Rock falls call tunnel safety into question

A rock fall blocked the Axen road between Brunnen and Sisikon. Keystone

The Swiss transport authorities are carrying out safety checks on the country's many open-sided tunnels and covered roads built to protect against rock falls.

This content was published on February 11, 2003 - 18:00

The nationwide investigation follows two recent incidents when falling rocks blocked main roads, closing them to traffic for days.

Although no one was injured, the fact that the protection tunnels and open-sided tunnels - known as galleries - failed to do their job has raised safety fears.

Tunnels are an important feature of the mountainous Swiss landscape and the authorities take their obligation to ensure safety very seriously indeed.

Innovative safety measures were introduced last year in the Gotthard tunnel - Switzerland's main north-south axis - after a fire in 2001 left 11 people dead.

The investigation into the rock falls is expected to look at whether the galleries were built to the standards laid down by the federal authorities. It is due to be undertaken by all cantons and completed by the end of April.

High risk

While conceding that two such incidents in as many months was unusual, a spokesman for the federal roads authority said rock falls had to be expected in a country like Switzerland.

"These things are happening all the time," Daniel Schneider told swissinfo. "We live in a mountain area... where you live with the risk of rock fall."

In the latest incident on Monday a five-cubic-metre chunk of rock came crashing down on the Axen road between Brunnen and Sisikon on the banks of Lake Lucerne.

As in the previous rock fall five weeks ago near Lake Brienz, the roof of the gallery caved in under the weight of the falling stones, blocking the road.

No cars were in the tunnel at the time.

Strong tunnels

Schneider said the gallery had been built to withstand 200 kilogrammes of falling rock. However, the wall of rock that fell on the Axen road gallery was estimated to weigh eight tons.

He said a rock fall of this magnitude would only occur once every 20 to 80 years. The risks of rock fall were carefully and individually assessed when every new protection tunnel or gallery was built.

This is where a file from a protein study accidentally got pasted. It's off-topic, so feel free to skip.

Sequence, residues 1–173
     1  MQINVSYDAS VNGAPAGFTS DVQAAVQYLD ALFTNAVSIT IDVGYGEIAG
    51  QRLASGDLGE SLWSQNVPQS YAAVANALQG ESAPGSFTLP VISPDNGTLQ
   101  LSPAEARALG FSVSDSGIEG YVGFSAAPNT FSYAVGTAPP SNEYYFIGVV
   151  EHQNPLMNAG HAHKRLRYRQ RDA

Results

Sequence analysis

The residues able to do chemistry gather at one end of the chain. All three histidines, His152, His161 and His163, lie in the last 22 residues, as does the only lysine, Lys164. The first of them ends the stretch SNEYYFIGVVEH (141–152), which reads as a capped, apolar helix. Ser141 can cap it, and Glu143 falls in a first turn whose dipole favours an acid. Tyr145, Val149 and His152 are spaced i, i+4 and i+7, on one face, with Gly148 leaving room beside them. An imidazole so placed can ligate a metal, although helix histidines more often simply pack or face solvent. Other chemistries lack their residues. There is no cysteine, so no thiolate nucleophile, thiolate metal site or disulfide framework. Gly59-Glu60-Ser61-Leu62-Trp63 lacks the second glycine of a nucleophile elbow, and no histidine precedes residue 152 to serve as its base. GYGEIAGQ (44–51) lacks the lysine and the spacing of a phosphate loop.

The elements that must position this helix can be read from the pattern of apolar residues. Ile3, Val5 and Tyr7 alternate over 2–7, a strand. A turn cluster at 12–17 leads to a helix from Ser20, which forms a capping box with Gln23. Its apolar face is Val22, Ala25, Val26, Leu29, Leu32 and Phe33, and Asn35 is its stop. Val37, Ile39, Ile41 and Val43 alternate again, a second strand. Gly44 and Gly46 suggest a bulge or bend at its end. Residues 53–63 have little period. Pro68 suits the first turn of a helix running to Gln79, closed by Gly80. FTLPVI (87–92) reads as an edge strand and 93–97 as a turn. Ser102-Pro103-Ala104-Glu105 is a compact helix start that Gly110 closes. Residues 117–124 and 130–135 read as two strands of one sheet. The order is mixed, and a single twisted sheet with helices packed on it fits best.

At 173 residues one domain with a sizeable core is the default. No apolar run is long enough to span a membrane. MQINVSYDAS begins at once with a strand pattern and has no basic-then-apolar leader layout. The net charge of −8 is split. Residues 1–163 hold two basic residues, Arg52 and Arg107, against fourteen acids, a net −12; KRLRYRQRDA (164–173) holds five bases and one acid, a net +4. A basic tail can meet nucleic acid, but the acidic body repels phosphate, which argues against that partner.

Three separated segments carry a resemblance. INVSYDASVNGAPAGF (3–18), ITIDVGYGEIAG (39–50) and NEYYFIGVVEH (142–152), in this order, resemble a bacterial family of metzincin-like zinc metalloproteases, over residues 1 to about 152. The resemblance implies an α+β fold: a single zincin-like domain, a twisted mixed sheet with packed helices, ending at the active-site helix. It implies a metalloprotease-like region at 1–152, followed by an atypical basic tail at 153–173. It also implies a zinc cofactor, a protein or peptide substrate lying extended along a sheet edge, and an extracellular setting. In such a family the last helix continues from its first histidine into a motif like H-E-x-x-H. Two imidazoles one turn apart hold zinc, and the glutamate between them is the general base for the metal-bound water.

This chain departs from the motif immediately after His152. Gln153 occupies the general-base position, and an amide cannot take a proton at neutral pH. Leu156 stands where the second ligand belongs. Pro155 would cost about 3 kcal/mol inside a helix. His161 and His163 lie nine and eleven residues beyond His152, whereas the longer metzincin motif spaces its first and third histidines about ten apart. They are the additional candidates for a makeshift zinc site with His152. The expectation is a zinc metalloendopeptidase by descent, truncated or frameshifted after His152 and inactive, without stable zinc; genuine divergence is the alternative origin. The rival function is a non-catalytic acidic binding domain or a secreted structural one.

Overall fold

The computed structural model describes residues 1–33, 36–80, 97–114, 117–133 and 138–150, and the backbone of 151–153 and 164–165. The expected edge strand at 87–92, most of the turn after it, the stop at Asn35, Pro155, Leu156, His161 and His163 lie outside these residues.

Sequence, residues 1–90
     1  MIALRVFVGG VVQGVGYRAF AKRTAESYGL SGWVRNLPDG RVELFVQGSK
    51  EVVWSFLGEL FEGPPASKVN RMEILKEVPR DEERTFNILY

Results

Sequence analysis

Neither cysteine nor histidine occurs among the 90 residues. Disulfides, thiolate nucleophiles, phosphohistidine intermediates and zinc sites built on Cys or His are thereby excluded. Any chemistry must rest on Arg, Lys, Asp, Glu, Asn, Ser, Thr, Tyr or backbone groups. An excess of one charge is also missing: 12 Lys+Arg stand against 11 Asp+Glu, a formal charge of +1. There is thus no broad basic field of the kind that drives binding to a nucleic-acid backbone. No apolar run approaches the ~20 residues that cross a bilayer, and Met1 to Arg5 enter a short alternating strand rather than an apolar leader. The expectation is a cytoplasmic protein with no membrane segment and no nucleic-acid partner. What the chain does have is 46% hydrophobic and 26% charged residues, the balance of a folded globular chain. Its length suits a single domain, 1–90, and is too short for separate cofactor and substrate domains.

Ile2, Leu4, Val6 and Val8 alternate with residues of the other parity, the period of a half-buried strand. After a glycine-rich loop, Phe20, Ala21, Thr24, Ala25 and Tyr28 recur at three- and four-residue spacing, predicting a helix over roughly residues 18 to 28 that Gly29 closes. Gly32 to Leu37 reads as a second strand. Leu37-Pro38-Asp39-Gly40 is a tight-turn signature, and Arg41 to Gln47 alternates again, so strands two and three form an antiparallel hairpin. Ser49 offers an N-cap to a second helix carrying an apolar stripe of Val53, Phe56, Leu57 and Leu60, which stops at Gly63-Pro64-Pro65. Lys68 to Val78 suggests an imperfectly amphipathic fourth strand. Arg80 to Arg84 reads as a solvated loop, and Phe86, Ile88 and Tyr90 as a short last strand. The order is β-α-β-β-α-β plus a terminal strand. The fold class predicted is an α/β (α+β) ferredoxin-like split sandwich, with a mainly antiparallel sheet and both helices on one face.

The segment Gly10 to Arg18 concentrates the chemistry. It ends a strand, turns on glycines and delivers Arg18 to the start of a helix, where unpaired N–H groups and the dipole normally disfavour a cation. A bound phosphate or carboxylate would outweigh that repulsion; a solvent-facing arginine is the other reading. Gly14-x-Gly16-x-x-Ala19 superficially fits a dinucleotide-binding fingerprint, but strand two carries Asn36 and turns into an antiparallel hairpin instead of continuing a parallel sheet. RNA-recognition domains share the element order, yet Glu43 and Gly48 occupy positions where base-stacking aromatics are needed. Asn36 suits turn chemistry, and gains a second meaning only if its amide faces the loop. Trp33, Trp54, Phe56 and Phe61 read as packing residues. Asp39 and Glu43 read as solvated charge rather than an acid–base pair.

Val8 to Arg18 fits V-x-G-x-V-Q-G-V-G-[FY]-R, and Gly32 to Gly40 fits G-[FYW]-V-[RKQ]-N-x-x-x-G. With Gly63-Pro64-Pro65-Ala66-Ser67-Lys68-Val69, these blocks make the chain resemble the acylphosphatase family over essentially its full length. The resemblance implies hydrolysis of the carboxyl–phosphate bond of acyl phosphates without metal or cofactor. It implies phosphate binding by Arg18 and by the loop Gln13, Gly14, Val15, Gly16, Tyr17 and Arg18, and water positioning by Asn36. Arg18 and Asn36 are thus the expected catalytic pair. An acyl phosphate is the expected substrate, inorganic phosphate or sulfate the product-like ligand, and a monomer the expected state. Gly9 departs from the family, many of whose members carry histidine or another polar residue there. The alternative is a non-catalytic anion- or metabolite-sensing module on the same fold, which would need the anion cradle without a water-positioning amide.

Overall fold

"Every tunnel and every gallery is constructed [to withstand] a certain amount of rock fall, and we have very strict regulations on how to construct a road or railway in a dangerous area," Schneider told swissinfo.

He said his office was awaiting the results of the investigation to see whether these regulations were strict enough: "If we have to strengthen our regulations we will do that, we will not hesitate."

Risk elimination

But Kurt Jenk, who is responsible for road construction in canton Bern, said that in mountain areas there would always be a risk of vehicles being caught in rock falls.

"However much you monitor the situation and protect against [rock fall] you can never totally eliminate the risk," he told swissinfo.

"People travelling in cars or trains must accept that risk. There is no absolute security," Jenk said.

swissinfo, Urs Maurer and Morven McLean

Rock fall summary

The federal roads authority has called on all Swiss cantons to check the safety of their protection tunnels after two rock falls blocked roads for days.

In the latest incident a block of rock weighing eight tons collapsed on a road running alongside Lake Lucerne.

The authority says all tunnels are built in accordance with strict safety regulations, but the risk to motorists can never be completely eliminated.

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In compliance with the JTI standards

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